Esperance mallee

Esperance mallee is an ecoregion on the south coast of Western Australia, a coastal strip where the predominant vegetation consists of short eucalyptus trees and shrubs. [2][3][4]

Esperance mallee
MAL Mallee 1 Clyde Hill NR III-2011.jpg
Sand mallee (Eucalyptus eremophila) at Clyde Hill Nature Reserve, Western Australia
Ecoregion AA1202.svg
location map showing the Esperance mallee ecoregion
Ecology
RealmAustralasian
BiomeMediterranean forests, woodlands, and scrub
BordersCoolgardie woodlands, Southwest Australia savanna and Southwest Australia woodlands
Geography
Area102,261 km2 (39,483 sq mi)
CountryAustralia
StatesWestern Australia
Conservation
Conservation statusCritical/endangered
Protected21,103 km² (21%)[1]

Location and descriptionEdit

A part of the Mediterranean forests, woodlands, and scrub biome, Esperance mallee is an aggregation of the Esperance Plains and Mallee Interim Biogeographic Regionalisation for Australia (IBRA) regions.[5]

 
Salmon gum (Eucalyptus salmonophloia) woodland along the Coolgardie-Esperance highway in Salmon Gums, Western Australia.
 
The IBRA regions, with the Esperance Plains in red
 
The IBRA regions, with Mallee in red

FloraEdit

Mallee is a generic term used to describe a number of eucalyptus trees that have an underground bulb called a lignotuber from which new buds can sprout following a forest fire. Mallee trees and accompanying shrubs are thus adapted to the poor soils, lack of rainfall, and regular fires, something common for the dry coast.

FaunaEdit

Wildlife of the coast includes the highly venomous common death adder. Mammals include tiny honey possums (which feed on nectar of the kangaroo paw flowers) and the endangered western quoll. Birds include the endangered western whipbird, western ground parrots, red-winged fairywren, Australian white ibis, and the rare southwestern Cape Barren goose on the coast.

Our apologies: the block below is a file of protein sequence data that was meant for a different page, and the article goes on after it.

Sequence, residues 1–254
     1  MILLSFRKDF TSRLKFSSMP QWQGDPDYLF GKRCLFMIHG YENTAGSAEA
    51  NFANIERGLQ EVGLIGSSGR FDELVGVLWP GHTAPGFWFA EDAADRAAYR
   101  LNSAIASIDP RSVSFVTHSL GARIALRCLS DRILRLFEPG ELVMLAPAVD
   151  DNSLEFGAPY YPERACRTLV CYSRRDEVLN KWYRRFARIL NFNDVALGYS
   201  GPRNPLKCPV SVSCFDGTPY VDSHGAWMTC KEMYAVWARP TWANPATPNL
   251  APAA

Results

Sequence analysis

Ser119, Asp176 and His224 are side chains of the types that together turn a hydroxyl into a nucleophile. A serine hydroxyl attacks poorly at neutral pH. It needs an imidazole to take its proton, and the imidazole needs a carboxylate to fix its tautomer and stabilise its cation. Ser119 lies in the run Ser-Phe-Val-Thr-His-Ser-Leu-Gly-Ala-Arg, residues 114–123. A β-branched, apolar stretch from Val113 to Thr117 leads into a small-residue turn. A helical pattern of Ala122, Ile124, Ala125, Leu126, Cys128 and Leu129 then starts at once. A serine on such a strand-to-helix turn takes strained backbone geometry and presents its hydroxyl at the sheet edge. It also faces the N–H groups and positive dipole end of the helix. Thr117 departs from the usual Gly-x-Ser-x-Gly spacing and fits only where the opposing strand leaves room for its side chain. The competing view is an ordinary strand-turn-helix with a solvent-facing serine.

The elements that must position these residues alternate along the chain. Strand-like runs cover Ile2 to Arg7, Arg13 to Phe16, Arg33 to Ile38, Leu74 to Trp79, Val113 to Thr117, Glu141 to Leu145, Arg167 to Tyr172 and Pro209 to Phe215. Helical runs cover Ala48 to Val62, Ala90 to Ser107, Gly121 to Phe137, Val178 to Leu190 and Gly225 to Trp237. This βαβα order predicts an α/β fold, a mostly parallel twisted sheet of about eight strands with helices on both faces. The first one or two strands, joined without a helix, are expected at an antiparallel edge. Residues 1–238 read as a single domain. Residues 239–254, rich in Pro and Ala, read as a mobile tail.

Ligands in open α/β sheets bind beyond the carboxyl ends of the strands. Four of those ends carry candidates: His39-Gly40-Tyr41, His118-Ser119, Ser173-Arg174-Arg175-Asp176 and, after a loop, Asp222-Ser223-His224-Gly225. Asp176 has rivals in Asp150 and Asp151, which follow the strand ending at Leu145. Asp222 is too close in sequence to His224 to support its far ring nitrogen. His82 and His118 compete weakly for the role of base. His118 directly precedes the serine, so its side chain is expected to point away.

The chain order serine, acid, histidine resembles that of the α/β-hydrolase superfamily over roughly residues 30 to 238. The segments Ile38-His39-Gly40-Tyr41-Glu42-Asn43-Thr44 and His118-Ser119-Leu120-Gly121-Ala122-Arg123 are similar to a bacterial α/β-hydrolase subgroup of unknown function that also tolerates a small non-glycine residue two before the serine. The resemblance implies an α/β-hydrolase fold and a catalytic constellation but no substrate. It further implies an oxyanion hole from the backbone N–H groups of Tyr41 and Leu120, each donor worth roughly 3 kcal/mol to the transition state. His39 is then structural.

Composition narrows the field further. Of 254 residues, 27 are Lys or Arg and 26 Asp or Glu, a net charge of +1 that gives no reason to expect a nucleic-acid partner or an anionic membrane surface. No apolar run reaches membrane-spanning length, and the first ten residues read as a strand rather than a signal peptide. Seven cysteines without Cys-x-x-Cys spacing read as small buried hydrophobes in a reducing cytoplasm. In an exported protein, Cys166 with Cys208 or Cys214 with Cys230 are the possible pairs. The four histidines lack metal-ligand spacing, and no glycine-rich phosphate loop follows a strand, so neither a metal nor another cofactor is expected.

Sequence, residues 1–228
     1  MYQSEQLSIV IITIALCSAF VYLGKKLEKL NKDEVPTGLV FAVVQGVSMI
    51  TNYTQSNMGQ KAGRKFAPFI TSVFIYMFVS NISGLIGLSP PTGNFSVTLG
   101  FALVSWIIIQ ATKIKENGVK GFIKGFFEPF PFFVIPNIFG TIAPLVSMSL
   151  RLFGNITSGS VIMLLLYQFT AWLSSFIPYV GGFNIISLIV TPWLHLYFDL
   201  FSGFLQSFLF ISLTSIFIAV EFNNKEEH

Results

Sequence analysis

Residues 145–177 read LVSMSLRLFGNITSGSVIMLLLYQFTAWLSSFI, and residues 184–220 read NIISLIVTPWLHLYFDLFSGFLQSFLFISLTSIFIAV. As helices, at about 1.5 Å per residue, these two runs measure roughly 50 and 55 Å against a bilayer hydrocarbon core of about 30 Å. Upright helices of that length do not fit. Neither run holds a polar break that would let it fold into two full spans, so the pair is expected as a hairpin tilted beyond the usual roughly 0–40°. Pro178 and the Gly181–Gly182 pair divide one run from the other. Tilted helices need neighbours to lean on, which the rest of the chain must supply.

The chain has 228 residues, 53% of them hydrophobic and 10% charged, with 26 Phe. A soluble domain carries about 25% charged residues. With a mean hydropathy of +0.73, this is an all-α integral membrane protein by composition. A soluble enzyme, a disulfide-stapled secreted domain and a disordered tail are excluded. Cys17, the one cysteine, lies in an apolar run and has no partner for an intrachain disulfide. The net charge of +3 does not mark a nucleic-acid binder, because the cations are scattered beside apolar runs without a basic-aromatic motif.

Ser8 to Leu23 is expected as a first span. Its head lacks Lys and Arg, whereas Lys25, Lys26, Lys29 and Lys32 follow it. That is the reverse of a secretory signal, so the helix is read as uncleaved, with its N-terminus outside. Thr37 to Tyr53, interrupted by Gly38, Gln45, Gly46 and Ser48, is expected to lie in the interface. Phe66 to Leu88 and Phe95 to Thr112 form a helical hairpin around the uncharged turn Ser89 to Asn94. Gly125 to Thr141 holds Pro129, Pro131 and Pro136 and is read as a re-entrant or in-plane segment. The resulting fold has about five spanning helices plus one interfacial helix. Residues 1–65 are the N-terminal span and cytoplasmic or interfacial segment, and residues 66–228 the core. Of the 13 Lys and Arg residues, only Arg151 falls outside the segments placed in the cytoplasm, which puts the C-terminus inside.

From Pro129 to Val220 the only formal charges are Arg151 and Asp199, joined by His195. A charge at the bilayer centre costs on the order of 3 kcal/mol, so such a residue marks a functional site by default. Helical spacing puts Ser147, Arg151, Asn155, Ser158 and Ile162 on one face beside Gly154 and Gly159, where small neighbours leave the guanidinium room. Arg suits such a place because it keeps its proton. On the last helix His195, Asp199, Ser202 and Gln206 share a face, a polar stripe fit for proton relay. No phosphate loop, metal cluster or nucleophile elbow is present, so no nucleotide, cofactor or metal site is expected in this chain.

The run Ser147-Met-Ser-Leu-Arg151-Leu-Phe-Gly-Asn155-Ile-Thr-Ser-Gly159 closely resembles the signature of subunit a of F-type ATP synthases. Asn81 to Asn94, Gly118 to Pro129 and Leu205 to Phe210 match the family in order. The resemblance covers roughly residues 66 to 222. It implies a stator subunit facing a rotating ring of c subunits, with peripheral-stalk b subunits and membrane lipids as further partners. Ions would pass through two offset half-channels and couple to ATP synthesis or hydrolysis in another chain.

Threats and preservationEdit

Much of the area is used as agricultural land and habitats are threatened by clearance. This is leading to fragmentation, over-irrigation, and wildlife becoming vulnerable to introduced species such as foxes.

 
The Esperance mallee ecoregion, with agricultural areas in yellow, and native vegetation in green. The IBRA boundaries are shown in red. Towns, road, and railways are also shown.

Protected areasEdit

A 2017 assessment found that 21,103 km², or 21%, of the ecoregion is in protected areas.[6] Protected areas include Cape Arid National Park, Fitzgerald River National Park, Frank Hann National Park, and Nuytsland Nature Reserve.

ReferencesEdit

  1. ^ Eric Dinerstein, David Olson, et al. (2017). An Ecoregion-Based Approach to Protecting Half the Terrestrial Realm, BioScience, Volume 67, Issue 6, June 2017, Pages 534–545; Supplemental material 2 table S1b. [1]
  2. ^ "Map of Ecoregions 2017". Resolve. Retrieved 20 August 2021.
  3. ^ "Esperance mallee". Digital Observatory for Protected Areas. Retrieved 20 August 2021.
  4. ^ "Esperance mallee". The Encyclopedia of Earth. Retrieved 20 August 2021.
  5. ^ "Esperance mallee". Terrestrial Ecoregions. World Wildlife Fund.
  6. ^ Eric Dinerstein, David Olson, et al. (2017). An Ecoregion-Based Approach to Protecting Half the Terrestrial Realm, BioScience, Volume 67, Issue 6, June 2017, Pages 534–545; Supplemental material 2 table S1b. [2]
  • World Wildlife Fund, ed. (2001). "Esperance mallee". WildWorld Ecoregion Profile. National Geographic Society. Archived from the original on 8 March 2010. Retrieved 16 February 2007.

Further readingEdit

  • Thackway, R and I D Cresswell (1995) An interim biogeographic regionalisation for Australia : a framework for setting priorities in the National Reserves System Cooperative Program Version 4.0 Canberra : Australian Nature Conservation Agency, Reserve Systems Unit, 1995. ISBN 0-642-21371-2

Coordinates: 33°20′S 121°10′E / 33.333°S 121.167°E / -33.333; 121.167